- The Washington Times - Thursday, October 31, 2002

Maryland's moratorium on the death penalty "does not have the basis of law" and can be set aside in particular cases, such as the sniper killings, said Audrey E. Scott, the Republican nominee for Prince George's County executive.
"If there are unusual circumstances, such as the snipers, in my opinion the moratorium does not have an effect," said the Prince George's County Council member during a meeting with editors and reporters at The Washington Times yesterday.
Mrs. Scott, 66, noted she voted for the moratorium two years ago, saying, "It's a serious issue we need to review our procedures [periodically]."
A resident of Bowie for 36 years, Mrs. Scott also said that one of the sniper victims a 13-year-old Benjamin Tasker Middle School student was shot near her home.
"I live right across the street from Tasker. That whole situation really impacted us," she said. The student was treated at Bowie Health Center, which she helped establish in 1974.
In May, Gov. Parris N. Glendening, a Democrat, imposed the moratorium on the death penalty until a study of its fairness is completed. The results of the study are expected to be made public by the end of the year.
Eight of the nine Prince George's council members voted for the moratorium in February 2000.
Mrs. Scott, a former three-time mayor of Bowie, noted that Democrats outnumber Republicans in the predominantly black county by more than 5 to 1.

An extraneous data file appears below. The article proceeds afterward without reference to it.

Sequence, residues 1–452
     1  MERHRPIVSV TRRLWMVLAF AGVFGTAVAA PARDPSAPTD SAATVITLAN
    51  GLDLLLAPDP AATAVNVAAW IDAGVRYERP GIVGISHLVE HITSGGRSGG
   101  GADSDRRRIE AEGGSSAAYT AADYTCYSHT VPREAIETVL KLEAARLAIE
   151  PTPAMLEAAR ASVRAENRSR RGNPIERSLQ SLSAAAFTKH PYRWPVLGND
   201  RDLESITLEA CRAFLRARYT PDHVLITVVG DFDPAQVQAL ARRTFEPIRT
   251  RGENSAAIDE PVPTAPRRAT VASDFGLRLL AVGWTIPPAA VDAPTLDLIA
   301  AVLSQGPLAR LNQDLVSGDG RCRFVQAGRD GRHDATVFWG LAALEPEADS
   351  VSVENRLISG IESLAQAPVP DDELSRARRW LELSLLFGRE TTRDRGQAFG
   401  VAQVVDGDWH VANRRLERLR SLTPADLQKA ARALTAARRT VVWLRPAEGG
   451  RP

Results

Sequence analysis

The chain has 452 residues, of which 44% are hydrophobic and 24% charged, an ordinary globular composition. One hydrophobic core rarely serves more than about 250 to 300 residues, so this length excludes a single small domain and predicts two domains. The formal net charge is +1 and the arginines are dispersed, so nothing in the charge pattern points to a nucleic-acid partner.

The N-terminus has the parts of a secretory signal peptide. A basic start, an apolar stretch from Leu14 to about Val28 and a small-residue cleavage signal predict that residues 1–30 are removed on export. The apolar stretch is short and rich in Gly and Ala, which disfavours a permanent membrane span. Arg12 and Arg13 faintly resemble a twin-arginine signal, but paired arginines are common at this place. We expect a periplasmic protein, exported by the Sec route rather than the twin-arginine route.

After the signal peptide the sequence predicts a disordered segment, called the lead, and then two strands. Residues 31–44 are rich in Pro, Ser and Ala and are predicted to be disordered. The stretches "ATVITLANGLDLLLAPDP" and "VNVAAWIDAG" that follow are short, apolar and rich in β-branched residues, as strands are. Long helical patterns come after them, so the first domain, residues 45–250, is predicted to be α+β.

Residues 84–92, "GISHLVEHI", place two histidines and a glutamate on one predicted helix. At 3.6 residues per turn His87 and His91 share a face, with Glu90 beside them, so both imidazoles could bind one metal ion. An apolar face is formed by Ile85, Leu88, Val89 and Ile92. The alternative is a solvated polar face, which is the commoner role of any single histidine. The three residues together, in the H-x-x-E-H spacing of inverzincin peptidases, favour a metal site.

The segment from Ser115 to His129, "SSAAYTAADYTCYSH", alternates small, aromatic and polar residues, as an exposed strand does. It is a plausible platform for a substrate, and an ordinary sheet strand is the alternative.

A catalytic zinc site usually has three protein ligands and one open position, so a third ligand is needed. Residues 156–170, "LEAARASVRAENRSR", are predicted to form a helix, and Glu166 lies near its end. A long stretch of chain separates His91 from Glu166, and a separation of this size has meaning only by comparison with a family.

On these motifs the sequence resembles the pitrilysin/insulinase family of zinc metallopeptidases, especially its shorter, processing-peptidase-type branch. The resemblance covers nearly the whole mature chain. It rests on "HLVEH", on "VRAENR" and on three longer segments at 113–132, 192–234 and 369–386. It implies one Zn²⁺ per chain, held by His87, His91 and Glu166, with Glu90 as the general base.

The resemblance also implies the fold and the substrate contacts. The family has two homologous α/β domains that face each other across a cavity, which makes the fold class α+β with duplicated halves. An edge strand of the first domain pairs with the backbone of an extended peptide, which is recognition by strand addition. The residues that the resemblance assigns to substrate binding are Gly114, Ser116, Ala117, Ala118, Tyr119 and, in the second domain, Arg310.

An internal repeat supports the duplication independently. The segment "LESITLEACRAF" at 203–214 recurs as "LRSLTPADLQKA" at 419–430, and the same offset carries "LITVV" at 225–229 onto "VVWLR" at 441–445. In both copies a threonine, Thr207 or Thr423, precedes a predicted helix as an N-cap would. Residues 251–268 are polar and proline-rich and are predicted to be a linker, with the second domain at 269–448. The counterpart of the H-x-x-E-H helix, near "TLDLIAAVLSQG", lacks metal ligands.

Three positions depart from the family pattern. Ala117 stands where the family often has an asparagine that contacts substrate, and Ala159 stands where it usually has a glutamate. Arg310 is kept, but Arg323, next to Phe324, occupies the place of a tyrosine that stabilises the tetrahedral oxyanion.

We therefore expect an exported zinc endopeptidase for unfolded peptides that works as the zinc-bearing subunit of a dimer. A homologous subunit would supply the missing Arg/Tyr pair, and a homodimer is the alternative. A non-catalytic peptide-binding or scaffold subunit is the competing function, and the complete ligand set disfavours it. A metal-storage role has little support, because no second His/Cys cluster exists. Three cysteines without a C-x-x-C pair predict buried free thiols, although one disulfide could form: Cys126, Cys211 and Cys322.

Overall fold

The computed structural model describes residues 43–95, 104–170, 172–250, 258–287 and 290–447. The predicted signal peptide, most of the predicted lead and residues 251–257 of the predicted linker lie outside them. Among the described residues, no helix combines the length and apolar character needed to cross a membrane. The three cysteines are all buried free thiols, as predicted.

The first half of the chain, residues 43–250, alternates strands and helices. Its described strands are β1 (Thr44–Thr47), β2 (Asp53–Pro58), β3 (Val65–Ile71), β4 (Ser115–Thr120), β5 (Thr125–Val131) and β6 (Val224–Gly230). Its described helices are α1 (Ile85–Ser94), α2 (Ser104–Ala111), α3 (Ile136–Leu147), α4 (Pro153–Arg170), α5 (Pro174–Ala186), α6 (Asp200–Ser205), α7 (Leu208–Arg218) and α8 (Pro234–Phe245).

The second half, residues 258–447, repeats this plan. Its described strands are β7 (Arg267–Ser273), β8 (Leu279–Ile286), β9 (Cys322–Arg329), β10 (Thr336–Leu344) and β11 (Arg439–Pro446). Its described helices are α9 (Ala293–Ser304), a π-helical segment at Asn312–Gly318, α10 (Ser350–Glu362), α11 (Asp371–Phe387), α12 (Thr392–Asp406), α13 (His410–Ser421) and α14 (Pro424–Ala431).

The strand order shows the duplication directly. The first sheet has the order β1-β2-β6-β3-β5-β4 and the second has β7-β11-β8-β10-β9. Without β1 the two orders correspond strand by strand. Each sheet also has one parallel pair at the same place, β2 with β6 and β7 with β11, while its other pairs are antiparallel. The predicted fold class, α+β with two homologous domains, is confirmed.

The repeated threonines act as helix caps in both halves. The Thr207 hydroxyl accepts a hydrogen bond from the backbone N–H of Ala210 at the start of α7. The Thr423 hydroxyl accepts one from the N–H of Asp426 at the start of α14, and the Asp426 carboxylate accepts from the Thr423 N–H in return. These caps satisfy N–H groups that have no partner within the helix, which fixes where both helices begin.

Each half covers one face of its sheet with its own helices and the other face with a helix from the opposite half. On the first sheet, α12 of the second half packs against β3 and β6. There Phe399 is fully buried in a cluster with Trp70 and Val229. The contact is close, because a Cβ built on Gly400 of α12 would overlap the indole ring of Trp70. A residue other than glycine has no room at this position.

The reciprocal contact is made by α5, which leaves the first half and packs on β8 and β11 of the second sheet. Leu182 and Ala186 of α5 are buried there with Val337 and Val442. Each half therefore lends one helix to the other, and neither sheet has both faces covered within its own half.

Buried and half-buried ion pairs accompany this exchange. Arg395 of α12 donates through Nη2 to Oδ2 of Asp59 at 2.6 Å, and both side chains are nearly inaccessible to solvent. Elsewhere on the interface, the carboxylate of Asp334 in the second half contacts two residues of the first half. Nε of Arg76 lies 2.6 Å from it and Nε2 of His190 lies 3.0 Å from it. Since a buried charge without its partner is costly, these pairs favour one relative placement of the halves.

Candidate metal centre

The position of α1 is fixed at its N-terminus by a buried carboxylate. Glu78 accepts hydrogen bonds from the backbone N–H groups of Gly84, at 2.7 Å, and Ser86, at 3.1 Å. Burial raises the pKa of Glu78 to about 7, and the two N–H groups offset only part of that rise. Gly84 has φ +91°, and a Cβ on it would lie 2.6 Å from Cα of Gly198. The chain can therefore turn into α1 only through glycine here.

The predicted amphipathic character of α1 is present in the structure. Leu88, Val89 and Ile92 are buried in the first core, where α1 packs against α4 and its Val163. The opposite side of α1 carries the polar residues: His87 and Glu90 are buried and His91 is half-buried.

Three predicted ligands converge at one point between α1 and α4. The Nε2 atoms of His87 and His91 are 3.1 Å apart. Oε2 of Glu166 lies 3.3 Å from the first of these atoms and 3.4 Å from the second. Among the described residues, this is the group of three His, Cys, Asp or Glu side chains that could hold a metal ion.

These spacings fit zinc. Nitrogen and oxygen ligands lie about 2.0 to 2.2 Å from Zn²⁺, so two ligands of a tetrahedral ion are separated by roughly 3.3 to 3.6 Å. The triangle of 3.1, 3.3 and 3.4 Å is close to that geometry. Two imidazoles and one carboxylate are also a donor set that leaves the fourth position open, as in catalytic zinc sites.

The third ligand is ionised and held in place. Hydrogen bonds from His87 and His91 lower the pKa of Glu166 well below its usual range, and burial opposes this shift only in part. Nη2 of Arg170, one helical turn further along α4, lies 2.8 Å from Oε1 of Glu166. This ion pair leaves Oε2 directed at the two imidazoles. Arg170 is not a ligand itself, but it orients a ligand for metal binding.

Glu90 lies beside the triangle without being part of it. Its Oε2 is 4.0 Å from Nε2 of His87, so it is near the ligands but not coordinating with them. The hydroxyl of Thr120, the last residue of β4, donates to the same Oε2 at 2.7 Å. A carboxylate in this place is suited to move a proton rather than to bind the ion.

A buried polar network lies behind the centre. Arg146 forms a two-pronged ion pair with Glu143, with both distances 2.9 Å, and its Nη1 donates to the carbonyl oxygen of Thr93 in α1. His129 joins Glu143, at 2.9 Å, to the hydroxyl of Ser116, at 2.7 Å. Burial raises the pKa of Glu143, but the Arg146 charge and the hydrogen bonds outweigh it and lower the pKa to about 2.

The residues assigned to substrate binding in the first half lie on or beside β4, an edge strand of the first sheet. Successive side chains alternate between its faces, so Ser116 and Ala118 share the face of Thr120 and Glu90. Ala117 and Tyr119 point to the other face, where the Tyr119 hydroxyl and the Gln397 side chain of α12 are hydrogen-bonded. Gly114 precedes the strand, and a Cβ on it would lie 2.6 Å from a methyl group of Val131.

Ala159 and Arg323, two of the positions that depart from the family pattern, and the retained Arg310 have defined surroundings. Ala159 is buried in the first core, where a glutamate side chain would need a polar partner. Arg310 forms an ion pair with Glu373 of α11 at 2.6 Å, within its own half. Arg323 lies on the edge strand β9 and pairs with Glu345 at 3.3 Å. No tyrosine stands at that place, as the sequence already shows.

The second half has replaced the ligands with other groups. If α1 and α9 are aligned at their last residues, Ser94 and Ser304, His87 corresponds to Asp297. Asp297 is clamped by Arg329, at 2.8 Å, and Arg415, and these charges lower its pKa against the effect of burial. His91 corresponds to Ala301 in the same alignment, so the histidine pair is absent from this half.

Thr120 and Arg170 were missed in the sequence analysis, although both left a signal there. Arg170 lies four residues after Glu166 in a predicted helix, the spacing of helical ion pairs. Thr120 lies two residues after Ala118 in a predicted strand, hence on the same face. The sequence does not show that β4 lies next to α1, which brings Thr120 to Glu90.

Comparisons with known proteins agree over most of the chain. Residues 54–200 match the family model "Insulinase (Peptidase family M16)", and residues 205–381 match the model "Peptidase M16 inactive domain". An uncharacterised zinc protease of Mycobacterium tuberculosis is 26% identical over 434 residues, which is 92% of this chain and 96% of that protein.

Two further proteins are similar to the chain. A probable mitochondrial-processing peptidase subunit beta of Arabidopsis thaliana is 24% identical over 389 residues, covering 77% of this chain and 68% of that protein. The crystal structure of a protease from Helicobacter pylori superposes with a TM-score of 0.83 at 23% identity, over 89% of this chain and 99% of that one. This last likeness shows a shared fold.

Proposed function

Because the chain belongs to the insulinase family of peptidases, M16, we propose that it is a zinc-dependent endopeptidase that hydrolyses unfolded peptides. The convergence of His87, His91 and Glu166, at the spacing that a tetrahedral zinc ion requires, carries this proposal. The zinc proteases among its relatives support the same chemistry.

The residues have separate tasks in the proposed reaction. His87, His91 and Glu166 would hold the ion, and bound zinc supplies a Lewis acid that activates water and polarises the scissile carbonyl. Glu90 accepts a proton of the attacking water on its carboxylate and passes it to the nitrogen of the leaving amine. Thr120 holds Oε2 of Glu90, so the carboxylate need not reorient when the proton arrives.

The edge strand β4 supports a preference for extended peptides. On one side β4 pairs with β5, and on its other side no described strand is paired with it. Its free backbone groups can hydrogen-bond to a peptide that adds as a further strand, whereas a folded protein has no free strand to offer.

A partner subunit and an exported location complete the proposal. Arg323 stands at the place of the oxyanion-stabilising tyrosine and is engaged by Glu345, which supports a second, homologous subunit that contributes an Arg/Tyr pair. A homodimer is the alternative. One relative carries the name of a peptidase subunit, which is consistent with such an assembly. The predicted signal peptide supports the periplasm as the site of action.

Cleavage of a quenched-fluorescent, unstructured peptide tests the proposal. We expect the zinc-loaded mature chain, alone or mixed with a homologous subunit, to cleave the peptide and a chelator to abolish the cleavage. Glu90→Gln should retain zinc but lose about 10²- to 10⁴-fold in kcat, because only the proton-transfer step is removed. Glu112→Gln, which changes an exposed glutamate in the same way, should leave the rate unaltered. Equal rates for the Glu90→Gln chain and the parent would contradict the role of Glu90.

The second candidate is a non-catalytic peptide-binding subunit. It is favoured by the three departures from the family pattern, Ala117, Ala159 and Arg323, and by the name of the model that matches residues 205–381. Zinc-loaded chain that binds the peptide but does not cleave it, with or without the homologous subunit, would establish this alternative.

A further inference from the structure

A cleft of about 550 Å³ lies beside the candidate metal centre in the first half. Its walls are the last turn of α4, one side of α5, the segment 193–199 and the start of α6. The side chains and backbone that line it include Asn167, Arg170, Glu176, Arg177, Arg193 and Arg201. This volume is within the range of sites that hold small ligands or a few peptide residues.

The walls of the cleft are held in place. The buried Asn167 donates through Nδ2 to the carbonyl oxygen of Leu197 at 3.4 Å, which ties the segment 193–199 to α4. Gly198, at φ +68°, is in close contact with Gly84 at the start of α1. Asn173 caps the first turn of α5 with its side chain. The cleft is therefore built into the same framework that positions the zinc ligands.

"They say, 'You're a Republican. You're a Caucasian. You're a woman. How can you win?'" Mrs. Scott said. "I have worked hard. I've done nothing mean or dishonest. If I lose, I can go home and go to bed and go to sleep."
But she expressed confidence in her campaign against Jack Johnson, who is black and has won two previous countywide Democratic campaigns to be elected state's attorney.
She pointed up the poor relationship between the prosecutor's office and the county police department as a key issue.
Mr. Johnson has prosecuted and lost seven brutality cases against county officers.
"There are rogue police officers. They have to be identified and corrected," Mrs. Scott said, adding that the majority of the police force consists of honest, hardworking and dedicated professionals seeking to make a positive difference in their communities.
"[Police] are understaffed, underpaid, totally overworked, and the morale is bad," she said, and she would begin an aggressive recruitment campaign as county executive because homeland security and the air-marshal program are draining local law enforcement agencies.
"Until we get [police] fully staffed, it's going to be hard to get the morale up," Mrs. Scott said, noting that the fire department also faces shortcomings.
Education, especially in Prince George's, where student scores have fallen while school officials quarreled, is the main issue for Mrs. Scott.
"I believe education is basic to every other aspect of our lives," said Mrs. Scott, a Massachusetts native who graduated from Tufts University and taught school in Connecticut, France and Japan where she met John Scott, an electrical engineer who became her husband.
"We have never had a county executive who was dedicated to education," Mrs. Scott said.
She then criticized former County Executive Parris N. Glendening, the current governor, for ignoring the need for new schools.
She pointed out that 13 new schools have been built since she was elected, the only Republican, to the County Council in 1994.
When an elected school board battled with the county superintendent, the state legislature appointed a board for four years. As county executive, Mrs. Scott said she would work with state legislators to reduce appointments.
"I believe in an elected school board," she said.
"I don't believe the appointed board has to be in place for four years."
And "I would welcome the opportunity, at least for demonstration, for charter schools," she said, criticizing the General Assembly for not approving legislation that would enable charter schools to be founded.

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